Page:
Columns/Opinions

Tue
17
Jan

System offers no guarantees

By Lee Hamilton

There are a lot of dire predictions about our representative democracy out there. We’re just past a presidential election campaign in which candidates complained about a rigged political system.

Now, commentators worry about the imminent failure of the American experiment.

I don’t agree with these predictions of calamity. Our representative democracy is not on the verge of collapse. But I do see stresses and tensions that should concern anyone who cares about our system of self-government.

Our representative democracy has been remarkably stable and successful for over two hundred years, but that is no guarantee it will survive and prosper.

Tue
17
Jan

Texas legislature convenes in 85th regular session

By Ed Sterling

AUSTIN — Lawmakers gathered at the state Capitol in their respective houses on Jan. 10, opening day for the 85th regular session of the Texas Legislature. The 140-day session will conclude on May 29.

After taking the oath of office and being sworn in, the Texas House of Representatives, on a vote of 150-0, unanimously re-elected Rep. Joe Straus, R-San Antonio, to a fifth term as speaker of the House, tying a record for the most terms as speaker.

Meanwhile, after being sworn in, the Texas Senate voted unanimously in favor of Sen. Kel Seliger, R-Amarillo, as speaker pro tempore.

Seliger will wield the Senate gavel in the absence or temporary disability of Lt. Gov. Dan Patrick, who presides over the 31-member body. Should the governor and lieutenant governor be temporarily unavailable, he will serve as governor in their absence.

Tue
10
Jan

Legendary Doc Holiday’s first stop was Dallas

By Bartee Haile

Doc Holliday rang in the New Year in Dallas on Jan. 1, 1875 by shooting a fellow gambler.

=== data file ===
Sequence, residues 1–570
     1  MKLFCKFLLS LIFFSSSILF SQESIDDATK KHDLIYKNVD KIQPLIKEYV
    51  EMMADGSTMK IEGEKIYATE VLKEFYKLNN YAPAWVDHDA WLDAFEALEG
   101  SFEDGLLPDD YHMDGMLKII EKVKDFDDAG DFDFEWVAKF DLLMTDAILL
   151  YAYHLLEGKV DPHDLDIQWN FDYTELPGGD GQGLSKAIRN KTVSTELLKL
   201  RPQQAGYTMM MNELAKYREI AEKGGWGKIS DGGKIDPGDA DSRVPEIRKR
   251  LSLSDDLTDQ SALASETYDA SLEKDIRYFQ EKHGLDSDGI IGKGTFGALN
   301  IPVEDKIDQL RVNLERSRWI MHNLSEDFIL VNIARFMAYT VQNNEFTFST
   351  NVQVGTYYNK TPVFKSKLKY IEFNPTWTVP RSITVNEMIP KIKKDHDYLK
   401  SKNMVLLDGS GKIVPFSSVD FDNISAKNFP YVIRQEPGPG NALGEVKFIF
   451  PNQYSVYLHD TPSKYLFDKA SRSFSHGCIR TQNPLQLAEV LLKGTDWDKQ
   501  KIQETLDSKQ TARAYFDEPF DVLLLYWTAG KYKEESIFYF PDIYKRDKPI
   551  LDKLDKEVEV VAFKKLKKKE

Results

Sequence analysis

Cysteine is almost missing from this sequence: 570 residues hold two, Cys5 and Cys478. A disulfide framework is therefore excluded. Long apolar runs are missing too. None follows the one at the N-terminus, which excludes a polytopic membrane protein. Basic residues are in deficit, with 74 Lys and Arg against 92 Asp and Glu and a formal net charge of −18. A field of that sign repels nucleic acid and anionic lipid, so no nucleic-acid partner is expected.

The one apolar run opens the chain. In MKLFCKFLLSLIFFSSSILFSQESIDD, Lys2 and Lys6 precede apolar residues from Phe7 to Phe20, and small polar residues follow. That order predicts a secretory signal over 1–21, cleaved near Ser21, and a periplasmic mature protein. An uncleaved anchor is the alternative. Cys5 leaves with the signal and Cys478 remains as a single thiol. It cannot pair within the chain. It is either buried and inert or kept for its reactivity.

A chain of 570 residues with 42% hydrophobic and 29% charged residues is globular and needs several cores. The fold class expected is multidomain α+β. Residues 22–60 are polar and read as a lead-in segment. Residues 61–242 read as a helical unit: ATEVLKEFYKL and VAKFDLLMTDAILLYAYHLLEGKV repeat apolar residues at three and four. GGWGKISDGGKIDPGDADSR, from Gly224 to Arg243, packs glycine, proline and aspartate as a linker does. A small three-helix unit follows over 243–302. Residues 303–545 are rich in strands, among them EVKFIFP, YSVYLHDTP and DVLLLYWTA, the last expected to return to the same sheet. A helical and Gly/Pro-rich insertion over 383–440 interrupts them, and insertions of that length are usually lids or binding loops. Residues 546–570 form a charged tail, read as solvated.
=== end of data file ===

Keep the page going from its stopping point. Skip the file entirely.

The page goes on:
With a powerful planter and war hero for a father, John Henry Holliday had a lot to live up to. Not only was Major Holliday top dog in the county, he had also commanded Fannin’s Avengers, a company of Georgia volunteers, in the Mexican War.

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Tue
10
Jan

Legislation aims to regulate access to bathrooms, lockers

By Ed Sterling

AUSTIN — Texas now has a “bathroom bill.”

The Lone Star State has joined Alabama, Kentucky, Minnesota, Missouri, South Carolina, Virginia and Washington as states where legislation has been filed in an effort to restrict access to restrooms, locker rooms and other sex-segregated facilities on the basis of sex or gender.

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Tue
03
Jan

Patrick applauds preserving N.C.’s ‘bathroom bill’

By Ed Sterling

AUSTIN — Lt. Gov. Dan Patrick has applauded the North Carolina legislature’s refusal to repeal a law banning individuals from using public bathrooms designated for the opposite sex. Patrick, who has made the passage of similar legislation in Texas one of his priorities, said in a Dec. 22 statement: “Legislation like this is essential to protect the safety and privacy of women and girls, and is simple common sense and common decency.